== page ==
Vampires - From Dracula to Twilight and everything in between
Post by Fabienne Sauberlich.Are the Acheronian Dracula and the sparkling chick magnet Edward Cullen one and the same? Definitely not. But they are both vampires. Maybe there is not "That Vampire" anymore but a few very different types of vampires? And that is exactly how it is; they kind of spread over the whole media market placing themselves in different genres with different attributes. So if you think you know vampires, vampires fiction and vampires movies you might have missed some. What vampires do you like? The creature of human nightmares, the pitiless hunter of the night longing for your blood? You can find them with famous horror authors like Stephen King in Salem’s Lot, hunted by brave people like Van Helsing, Buffy and so on, or in classics like Dracula and Nosferatu.Or is it the more complex vampire you are looking for? The one struggling with his conflict between the need for blood and his reluctance to kill or hurt others. Fighting his own demons while losing everyone he loves, to be damned to an eternal life of loneliness while trying to find his way, like Louis in Anne Rice's Interview with the Vampire, or like Darran Shan, and other characters of fantasy authors.If a vampire has human-like feelings as Louis and most modern vampires have, he is also able to love. But how can you be with the one you love when losing control might result in killing him/her? And if you did fall in love with a stranger, could you still love him if you knew his secret? Would you follow him into his world? Love, danger, secrets and dark passion. That is what you find in the stories of Lynsay Sands, Kerrelyn Sparks and many more.So that is what they are. Vampires. Murderers and gentleman. Passionate and cool as ice. And everything in between.------------------------About our Guest BloggerFabienne Sauberlich is a student of Library and Information Science in Germany with special interests in Psychology, Horror, Fantasy and Mystery Media.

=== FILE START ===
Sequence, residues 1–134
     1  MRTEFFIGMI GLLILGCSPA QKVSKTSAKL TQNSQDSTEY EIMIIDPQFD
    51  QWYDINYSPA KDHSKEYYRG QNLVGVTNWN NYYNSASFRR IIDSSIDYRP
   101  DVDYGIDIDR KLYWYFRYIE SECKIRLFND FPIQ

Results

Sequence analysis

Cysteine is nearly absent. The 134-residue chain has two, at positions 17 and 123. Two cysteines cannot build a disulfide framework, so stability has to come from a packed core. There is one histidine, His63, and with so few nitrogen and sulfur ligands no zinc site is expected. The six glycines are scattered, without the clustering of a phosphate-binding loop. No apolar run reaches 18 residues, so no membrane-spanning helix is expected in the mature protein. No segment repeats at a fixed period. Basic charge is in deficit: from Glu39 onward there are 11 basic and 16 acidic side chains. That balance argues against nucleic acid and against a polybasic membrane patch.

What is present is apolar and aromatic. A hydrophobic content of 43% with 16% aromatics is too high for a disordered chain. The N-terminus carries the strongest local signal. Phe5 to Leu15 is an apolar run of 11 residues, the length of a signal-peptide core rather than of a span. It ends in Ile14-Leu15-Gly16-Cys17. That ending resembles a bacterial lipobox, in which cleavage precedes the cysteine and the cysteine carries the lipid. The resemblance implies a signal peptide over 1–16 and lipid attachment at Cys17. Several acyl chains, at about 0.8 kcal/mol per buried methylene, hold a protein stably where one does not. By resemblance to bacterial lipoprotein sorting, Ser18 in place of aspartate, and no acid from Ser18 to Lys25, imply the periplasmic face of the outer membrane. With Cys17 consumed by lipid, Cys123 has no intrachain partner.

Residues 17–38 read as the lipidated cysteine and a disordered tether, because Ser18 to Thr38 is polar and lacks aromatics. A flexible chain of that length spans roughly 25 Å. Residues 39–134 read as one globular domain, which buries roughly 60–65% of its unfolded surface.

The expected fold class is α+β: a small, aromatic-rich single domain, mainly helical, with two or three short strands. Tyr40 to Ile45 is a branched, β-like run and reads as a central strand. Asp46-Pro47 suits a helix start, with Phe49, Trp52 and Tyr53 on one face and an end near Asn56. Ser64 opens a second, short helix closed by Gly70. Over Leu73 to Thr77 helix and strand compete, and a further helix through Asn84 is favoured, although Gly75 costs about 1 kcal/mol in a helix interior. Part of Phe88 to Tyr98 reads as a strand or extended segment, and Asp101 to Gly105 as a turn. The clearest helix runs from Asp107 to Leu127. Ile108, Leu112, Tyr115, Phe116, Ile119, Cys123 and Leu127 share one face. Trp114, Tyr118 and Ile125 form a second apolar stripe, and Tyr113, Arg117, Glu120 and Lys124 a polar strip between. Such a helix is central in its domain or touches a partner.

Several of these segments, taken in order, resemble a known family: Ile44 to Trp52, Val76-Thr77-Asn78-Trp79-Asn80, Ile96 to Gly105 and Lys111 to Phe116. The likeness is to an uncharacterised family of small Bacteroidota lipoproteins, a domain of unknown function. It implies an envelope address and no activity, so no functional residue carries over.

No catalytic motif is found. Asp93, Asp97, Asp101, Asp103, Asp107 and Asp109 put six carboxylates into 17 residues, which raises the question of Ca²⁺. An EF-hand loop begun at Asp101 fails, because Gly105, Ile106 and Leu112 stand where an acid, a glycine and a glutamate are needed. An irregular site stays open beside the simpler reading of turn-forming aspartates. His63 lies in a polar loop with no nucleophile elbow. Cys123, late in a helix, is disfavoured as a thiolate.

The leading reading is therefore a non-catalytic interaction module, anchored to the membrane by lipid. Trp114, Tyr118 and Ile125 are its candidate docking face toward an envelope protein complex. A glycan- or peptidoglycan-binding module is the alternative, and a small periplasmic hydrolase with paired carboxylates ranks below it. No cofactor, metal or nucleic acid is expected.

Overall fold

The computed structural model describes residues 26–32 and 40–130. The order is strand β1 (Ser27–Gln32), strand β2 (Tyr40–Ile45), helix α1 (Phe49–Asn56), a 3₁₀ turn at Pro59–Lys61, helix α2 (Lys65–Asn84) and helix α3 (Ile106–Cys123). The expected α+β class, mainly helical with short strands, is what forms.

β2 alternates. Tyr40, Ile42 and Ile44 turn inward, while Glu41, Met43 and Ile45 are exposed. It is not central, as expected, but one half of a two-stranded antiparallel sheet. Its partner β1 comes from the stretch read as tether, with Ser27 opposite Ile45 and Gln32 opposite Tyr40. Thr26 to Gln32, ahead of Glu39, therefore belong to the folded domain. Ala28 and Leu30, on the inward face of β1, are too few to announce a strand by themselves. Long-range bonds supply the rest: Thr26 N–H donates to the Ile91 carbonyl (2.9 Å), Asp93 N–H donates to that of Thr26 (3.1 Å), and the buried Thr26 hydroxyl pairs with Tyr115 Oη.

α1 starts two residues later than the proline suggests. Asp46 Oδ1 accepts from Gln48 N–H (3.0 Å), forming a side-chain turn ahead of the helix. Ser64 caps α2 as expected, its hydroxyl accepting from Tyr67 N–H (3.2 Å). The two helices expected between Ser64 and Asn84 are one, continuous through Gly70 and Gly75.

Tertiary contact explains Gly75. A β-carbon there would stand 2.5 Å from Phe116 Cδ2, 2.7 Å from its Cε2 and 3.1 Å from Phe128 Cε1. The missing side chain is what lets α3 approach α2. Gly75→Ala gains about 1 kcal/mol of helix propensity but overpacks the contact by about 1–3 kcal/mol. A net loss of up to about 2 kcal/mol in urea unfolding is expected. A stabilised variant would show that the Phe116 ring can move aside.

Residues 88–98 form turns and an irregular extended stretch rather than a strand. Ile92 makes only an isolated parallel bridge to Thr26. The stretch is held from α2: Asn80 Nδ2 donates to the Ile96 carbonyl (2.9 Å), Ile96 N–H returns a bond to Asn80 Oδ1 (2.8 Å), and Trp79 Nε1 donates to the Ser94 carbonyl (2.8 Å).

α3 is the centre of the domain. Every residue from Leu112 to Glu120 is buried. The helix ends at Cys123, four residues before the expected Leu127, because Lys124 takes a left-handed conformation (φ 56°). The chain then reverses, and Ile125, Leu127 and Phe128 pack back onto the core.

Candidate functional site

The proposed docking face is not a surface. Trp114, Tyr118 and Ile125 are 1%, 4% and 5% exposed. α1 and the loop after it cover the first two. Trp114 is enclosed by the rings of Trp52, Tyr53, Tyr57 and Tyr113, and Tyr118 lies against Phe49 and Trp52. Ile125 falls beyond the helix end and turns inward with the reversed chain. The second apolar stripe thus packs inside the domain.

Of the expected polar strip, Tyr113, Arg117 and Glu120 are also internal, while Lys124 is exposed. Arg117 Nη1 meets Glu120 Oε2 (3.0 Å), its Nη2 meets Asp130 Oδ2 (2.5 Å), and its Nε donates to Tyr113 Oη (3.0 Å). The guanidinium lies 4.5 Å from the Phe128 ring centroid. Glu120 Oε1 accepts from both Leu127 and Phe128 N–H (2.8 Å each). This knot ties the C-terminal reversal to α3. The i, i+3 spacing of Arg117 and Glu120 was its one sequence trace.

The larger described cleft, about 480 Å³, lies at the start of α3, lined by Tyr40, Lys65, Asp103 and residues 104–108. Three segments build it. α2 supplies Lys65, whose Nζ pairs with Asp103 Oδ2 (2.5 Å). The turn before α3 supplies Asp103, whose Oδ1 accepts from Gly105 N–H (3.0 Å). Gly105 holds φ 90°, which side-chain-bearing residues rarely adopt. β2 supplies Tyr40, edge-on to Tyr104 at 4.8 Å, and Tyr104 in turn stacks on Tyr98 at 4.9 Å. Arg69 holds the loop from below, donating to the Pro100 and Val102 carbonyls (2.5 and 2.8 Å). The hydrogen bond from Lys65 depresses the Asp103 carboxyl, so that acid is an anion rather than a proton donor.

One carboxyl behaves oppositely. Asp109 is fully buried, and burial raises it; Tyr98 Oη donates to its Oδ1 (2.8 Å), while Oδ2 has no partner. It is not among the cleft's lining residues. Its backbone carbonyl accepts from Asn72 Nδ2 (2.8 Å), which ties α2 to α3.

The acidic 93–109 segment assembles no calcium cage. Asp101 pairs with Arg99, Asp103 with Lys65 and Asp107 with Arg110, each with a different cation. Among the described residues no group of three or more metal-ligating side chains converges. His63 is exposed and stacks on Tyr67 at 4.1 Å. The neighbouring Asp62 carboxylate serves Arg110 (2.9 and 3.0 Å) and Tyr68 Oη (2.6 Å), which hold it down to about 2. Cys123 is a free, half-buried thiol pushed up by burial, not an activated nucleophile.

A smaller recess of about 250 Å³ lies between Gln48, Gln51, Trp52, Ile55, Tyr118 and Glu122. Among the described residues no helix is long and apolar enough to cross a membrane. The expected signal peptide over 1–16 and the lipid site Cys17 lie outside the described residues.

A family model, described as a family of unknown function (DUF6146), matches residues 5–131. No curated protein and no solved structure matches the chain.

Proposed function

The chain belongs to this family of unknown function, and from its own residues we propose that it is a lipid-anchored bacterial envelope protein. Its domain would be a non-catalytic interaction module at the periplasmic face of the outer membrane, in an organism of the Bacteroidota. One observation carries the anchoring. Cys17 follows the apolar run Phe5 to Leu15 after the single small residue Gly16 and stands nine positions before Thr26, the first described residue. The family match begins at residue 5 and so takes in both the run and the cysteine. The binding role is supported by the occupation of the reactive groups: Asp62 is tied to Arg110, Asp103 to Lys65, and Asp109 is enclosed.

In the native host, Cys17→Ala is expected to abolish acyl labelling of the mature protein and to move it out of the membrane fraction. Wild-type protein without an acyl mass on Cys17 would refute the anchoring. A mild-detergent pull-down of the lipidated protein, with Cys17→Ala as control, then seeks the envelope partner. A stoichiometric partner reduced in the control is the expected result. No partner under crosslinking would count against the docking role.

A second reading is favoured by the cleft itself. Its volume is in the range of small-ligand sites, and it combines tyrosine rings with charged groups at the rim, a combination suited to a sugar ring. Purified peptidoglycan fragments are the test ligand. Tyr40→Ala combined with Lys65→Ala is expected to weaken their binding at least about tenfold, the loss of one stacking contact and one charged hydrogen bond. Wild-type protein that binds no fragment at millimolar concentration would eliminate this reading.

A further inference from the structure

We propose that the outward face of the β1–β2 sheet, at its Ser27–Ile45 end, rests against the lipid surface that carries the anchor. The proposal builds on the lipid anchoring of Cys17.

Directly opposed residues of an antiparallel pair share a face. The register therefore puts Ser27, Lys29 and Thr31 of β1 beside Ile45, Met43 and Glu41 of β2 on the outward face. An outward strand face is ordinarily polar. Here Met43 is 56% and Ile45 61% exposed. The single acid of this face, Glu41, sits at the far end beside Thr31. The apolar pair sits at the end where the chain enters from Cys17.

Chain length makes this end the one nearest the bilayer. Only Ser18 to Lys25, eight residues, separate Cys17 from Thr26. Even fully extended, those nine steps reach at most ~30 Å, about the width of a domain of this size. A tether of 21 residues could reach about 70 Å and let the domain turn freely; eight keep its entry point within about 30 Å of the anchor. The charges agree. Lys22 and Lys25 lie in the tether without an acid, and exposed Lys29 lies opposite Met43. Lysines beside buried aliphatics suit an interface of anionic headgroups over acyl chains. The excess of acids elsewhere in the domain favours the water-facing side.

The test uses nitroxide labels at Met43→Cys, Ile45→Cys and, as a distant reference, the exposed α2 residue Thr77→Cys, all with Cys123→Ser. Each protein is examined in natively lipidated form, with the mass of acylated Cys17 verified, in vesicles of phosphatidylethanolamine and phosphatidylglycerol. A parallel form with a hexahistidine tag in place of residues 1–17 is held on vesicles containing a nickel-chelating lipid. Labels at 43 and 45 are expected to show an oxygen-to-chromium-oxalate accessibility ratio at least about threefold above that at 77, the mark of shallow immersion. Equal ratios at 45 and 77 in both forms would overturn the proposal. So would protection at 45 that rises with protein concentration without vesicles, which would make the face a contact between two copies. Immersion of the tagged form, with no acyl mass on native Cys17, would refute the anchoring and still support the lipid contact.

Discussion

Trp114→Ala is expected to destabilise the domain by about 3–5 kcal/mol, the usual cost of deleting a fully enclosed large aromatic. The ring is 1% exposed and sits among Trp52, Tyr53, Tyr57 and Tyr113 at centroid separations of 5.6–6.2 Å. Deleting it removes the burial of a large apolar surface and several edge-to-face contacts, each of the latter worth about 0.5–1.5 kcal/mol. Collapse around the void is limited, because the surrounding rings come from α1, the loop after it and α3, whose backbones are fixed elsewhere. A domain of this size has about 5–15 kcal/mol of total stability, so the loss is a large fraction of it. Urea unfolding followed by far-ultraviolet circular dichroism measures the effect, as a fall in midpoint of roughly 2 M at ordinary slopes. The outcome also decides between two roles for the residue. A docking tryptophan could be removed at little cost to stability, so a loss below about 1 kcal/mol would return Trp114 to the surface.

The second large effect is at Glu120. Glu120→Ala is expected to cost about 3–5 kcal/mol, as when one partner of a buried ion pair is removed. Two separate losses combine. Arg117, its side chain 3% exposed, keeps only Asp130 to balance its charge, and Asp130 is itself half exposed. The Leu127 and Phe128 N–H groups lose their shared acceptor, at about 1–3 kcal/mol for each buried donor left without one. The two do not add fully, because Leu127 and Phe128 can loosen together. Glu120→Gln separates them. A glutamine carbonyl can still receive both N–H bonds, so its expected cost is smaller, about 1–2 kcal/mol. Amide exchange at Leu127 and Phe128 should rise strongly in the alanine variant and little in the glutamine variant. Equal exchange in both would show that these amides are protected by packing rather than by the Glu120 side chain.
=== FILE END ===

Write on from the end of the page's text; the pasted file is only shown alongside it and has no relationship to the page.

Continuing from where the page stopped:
Being the day that's in it, I thought I might throw a glance as to what titles classified as 'romantic fiction' featured amongst the most borrowed fiction titles (from our branch libraries, that is) during the month of January. And in doing so I was somewhat amazed that so few romance titles seemed to feature amongst the most borrowed, crime novels appearing to dominate the list in fact. But maybe that is not such a surprise, crime novels have always been hugely popular, while romance novels might be said to have a niche audience. And why so, or am I wrong?? Are we all not romantics at heart?!Anyways, while I wondered whether or not we might have seen the demise of romantic fiction to some degree, I came across this article in the Telegraph newspaper, 'Romance is a closed book: now we’re all losers in love', whose author also seems to think that crime has very much knocked romantic fiction down the pecking order. But as the author states, "feasting on felony and felony alone is not the healthiest diet", so with those words of wisdom, let me champion some romantic fiction titles that might rekindle your interest (and mine!) in the world of romance! The highest ranking romantic novel in January, in terms of times borrowed, was The Next Always by Nora Roberts, which happens to be volume one of the Inn at Boonsboro Trilogy. Volumes two and three yet to appear I believe. As the book description states, "the historic hotel in Boonsboro has endured war and peace, changing hands, even rumoured hauntings. Now it's getting a major facelift from the Montgomery brothers and their eccentric mother".Other titles that caught the eye include: Hotel Vendome by Danielle Steel, which I understand delivers all that the Steel reader has come to expect, and which has "all the ingredients... for a fantastic escapist read" (Express); Rural Affair by Catherine Alliott, the story of Poppy who discovers something about her husband after he is killed, resolves not to make the same mistake again, and who then becomes the object of the local menfolk's affections as she determines to live her village life to the full. If you like black humour I believe you might like this; Time and Tide by Mary O'Sullivan, the story of Robyn, a journalist married to the village vet and very pregnant. Robyn is confused to find she is still attracted to her ex-lover, then throw in a virus, a hurricane and what the book describes as a "night of fear, violence, heartache, bravery, good and evil", and you end up with a romance and plenty of drama!And finally from the January list (though I have to say my few mentions here are selective rather than exhaustive) is If Only You Knew by Claire Allan, which is the story of two cousins who must sort through the letters of a dead aunt in her house in the south of France, letters that reveal their Aunt's life and the heartbreak that led her to move to France and the peace she found there with her beloved Claude. The book description states this to be a "story of secrets, love, loss, longing and purple shoes". Before I close, let me add that my exploration of the world of romantic fiction led me also to the list of contenders for the most romantic novel of the year as listed in the Guardian newspaper, dated 13 February. It lists various categories, including Contemporary Romantic Novel, Epic Romantic Novel and Romantic Comedy Novel, to list but three. Having checked a number of the titles I note that we do have a good number of the shortlisted titles in our catalogue and therefore awaiting your reading, so with no further ado, check out the titles in our online catalogue now and get on down to your nearest branch library as soon as you can.And Happy Valentine's and Romantic Reading!